A closer look at some of Donald Trump’s foreign policy positionsUS President-elect Donald Trump’s comments about NATO, the European Union (EU), and Russia have rattled US allies as they look for indicators as to how the United States will engage with the international community and establish its role in the world.
On January 16, Trump gave an interview to The Times of London and the German newspaper Bild in which he discussed his opinions on a variety of global challenges. As the inauguration nears, Trump’s statements have been taken as indicators of the direction of the new administration’s foreign policy. Atlantic Council experts weigh in on the president-elect’s comments and discuss their significance.
Incoming US administration must draw a red line between al Qaeda and US-backed rebels, say analysts
US President-elect Donald Trump’s incoming administration must consider the far-reaching consequences of allowing US-backed opposition forces to work with al Qaeda in Syria, Charles Lister, a senior fellow at the Middle East Institute, said at the Atlantic Council on January 12.
Policy should not be dictated simply by whether or not a particular extremist group poses an immediate threat to the United States, said Lister. Rather, “there is a broader interest-based assessment that needs to be made,” he said. Because al Qaeda was not countered from the outset of the conflict in Syria, its extremist ideology has become normalized within the opposition, and they are now far more dangerous to the United States, Lister added.
“Our values, our security, our prosperity, and our very way of life are tied to this [rules-based] order and we… the United States and our closest partners, must come together to prevent Russia from succeeding in weakening that order,” Power said at the Atlantic Council in her final public remarks as ambassador.
Power called for a renewed commitment to the rules and institutions that have underpinned the liberal world order for the past seven decades, and the development of new tools to counter Russia’s attempts at undermining it. Russia’s attacks have “exposed” and “exacerbated” vulnerabilities within Western democracies, she said, adding, “we cannot let Russia divide us.”
Citing George Washington’s warning about the danger of foreign interference, Power said: “More than 220 years later, Washington’s warning feels strikingly relevant.”
In an interview with the Times of London and Germany’s Bild newspaper published on January 15, Trump bashed NATO as “obsolete,” described the European Union (EU) as “basically a vehicle for Germany,” applauded the United Kingdom’s decision to leave the EU, and predicted that more EU member states would follow. The comments rattled the United States’ European allies.
Trump’s key cabinet picks—secretary of state nominee former ExxonMobil Chief Executive Officer Rex Tillerson and defense secretary nominee retired Gen. James Mattis—broke with the president-elect and spoke favorably of NATO at their confirmation hearings earlier in January. However, the absence of a depth of EU expertise among Trump’s cabinet is striking, said Fran Burwell, a distinguished fellow at the Atlantic Council.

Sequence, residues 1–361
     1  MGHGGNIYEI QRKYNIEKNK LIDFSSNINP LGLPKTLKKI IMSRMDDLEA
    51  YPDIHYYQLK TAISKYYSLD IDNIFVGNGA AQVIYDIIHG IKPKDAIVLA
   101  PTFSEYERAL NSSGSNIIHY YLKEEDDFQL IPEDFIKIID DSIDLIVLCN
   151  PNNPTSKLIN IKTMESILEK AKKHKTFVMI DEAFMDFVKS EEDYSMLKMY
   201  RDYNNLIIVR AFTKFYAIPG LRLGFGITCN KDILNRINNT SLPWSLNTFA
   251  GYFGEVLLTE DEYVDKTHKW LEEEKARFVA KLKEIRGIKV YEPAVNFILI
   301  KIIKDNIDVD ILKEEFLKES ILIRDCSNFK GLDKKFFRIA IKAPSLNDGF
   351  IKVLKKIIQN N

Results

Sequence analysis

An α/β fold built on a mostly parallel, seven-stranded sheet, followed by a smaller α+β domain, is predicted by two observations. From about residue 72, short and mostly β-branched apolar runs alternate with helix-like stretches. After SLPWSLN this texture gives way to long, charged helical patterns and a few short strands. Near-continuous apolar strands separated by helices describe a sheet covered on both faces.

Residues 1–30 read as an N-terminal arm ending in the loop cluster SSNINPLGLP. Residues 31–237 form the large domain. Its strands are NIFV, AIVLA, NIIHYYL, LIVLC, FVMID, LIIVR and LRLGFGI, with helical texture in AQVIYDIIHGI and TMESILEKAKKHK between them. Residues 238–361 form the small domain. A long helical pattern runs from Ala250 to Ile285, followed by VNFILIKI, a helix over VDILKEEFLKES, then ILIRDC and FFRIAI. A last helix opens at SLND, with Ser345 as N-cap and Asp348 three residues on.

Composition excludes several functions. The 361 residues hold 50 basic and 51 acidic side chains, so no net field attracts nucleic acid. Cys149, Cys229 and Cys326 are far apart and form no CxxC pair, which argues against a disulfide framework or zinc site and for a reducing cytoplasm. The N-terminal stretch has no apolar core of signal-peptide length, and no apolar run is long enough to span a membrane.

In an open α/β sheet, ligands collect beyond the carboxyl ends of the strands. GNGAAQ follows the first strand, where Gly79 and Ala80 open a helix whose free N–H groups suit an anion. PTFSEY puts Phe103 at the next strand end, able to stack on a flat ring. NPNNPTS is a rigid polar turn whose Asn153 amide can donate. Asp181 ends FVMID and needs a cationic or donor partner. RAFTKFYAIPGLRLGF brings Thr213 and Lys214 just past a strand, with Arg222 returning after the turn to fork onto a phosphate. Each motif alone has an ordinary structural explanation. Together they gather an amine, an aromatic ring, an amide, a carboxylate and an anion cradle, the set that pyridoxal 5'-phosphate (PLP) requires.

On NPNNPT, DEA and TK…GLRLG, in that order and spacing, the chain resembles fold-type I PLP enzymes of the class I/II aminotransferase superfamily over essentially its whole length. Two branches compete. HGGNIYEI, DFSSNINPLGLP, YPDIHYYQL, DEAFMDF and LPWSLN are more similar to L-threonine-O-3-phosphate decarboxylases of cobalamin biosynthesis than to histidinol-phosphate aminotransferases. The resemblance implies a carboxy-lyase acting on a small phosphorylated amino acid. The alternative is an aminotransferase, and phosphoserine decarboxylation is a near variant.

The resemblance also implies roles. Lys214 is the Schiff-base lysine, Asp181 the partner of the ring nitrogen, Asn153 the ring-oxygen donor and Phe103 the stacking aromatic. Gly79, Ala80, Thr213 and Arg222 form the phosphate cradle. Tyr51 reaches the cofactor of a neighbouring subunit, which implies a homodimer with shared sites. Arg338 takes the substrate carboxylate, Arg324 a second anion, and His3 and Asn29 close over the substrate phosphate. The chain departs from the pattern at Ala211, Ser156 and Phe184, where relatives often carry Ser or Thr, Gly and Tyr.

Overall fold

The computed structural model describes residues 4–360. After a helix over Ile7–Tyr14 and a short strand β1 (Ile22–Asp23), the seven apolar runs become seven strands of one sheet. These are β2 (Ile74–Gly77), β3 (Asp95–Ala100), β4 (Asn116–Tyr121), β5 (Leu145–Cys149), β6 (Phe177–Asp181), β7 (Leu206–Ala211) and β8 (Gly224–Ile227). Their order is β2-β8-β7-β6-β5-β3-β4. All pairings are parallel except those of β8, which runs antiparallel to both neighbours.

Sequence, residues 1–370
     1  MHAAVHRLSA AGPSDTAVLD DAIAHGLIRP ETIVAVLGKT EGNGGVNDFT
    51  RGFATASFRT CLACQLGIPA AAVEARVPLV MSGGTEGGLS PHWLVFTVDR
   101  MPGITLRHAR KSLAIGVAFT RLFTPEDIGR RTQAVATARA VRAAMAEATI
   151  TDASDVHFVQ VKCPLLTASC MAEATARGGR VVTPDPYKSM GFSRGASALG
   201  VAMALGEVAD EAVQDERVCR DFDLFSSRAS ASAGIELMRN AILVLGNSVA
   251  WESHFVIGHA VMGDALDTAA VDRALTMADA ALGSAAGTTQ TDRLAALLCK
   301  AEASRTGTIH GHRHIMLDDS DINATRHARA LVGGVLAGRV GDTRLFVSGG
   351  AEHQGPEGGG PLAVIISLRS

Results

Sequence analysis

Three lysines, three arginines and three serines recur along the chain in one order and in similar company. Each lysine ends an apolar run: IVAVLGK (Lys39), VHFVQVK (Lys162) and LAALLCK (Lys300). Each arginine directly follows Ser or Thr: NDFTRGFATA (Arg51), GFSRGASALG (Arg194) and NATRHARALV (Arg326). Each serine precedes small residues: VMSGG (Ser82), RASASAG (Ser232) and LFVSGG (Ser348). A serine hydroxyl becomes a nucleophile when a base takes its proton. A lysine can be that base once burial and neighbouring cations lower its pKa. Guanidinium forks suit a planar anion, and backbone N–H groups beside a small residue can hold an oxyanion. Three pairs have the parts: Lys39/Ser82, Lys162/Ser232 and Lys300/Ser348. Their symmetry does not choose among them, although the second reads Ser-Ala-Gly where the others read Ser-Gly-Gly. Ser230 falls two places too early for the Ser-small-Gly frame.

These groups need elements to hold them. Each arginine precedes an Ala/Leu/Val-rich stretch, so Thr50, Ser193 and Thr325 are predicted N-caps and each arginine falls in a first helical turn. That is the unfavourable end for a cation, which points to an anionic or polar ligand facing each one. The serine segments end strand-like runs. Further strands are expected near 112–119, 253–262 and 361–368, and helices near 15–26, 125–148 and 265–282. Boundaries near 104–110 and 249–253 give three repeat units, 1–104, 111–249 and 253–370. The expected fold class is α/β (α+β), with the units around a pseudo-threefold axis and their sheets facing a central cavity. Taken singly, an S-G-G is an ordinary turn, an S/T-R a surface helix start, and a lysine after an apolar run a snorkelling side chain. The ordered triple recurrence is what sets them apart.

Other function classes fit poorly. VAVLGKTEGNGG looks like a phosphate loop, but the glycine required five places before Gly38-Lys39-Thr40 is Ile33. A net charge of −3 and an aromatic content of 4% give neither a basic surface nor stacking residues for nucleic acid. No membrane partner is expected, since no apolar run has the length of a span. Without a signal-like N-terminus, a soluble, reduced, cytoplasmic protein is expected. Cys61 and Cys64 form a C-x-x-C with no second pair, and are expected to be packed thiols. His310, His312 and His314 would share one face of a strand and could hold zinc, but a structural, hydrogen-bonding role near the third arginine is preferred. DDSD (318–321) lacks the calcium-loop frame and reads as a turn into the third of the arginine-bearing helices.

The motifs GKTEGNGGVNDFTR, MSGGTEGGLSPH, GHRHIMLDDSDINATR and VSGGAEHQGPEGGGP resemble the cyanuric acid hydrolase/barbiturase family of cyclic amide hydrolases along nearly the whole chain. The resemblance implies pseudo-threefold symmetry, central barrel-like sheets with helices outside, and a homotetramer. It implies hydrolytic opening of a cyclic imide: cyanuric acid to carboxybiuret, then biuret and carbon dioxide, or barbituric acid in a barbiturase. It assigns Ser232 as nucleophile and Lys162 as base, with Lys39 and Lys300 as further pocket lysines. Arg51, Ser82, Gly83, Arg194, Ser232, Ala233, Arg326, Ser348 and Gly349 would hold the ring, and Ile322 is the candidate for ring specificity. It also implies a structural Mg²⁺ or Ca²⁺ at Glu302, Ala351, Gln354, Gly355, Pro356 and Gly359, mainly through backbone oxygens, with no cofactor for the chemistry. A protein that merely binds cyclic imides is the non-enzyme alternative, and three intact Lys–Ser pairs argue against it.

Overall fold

“They know about NATO or have had experience in NATO, but not regarding the EU. There is no correcting mechanism at the cabinet level that we see so far that would present a counterview to what Trump has said” about the EU, said Burwell.
“The EU itself is in for a rough ride over the next few years,” she predicted.
White House ends policy that allowed Cubans reaching US soil to automatically apply for asylumUS President Barack Obama’s decision to end the “wet foot, dry foot” policy that allowed any Cuban migrant who reached US soil to stay in the country will slow the number of Cuban immigrants rushing to the United States, but is unlikely to deter US President-elect Donald Trump from reversing some of the recent progress in the bilateral relationship, according to two Atlantic Council Latin America analysts.
Trump has said that he will dismantle the progress made in the US-Cuba relationship—a progress marked by a historic diplomatic détente in the summer of 2015 and US President Barack Obama’s visit to Havana in March of 2016—unless he gets a better deal.
A wholesale reversal of the advancement in the bilateral relationship would give China unchallenged access to Cuba, said Jason Marczak, director of the Latin America Economic Growth Initiative at the Atlantic Council's Adrienne Arsht Latin America Center.
“By disengaging from Cuba, what the administration would be doing is giving China a beachhead ninety miles off our shores,” he said.
“I remain very confident with what I have seen in the last several months,” Barkindo said at the Atlantic Council’s inaugural Global Energy Forum. “The level of commitment I have seen on both sides, to me I think is unparalleled,” he added. Barkindo expressed confidence that signatories to the deal will meet their commitments, emphasizing the level of cooperation among all stakeholders.
On the campaign trail, Trump said that he would pull the United States out of the climate accord reached in the French capital in December of 2015, but after winning the election on November 8 he told the New York Times that he is looking at the agreement “very closely” and has “an open mind to it.”
“To protect what we have here, we have to work toward solving problems abroad,” said Graham. “I’m trying to convince the new administration and my Republican colleagues that we’re going to pay now, or we’re going to pay later.”
Although Tillerson objected to recent Russian actions, he largely demurred to questions on whether it was important to continue sanctions on Russia and stressed the need to work with Russia on areas of mutual interest such as fighting terrorism. His unwillingness to describe Russia as a threat, instead calling it a danger, is unfortunate and showcases a more accommodating position on Russia in the next administration.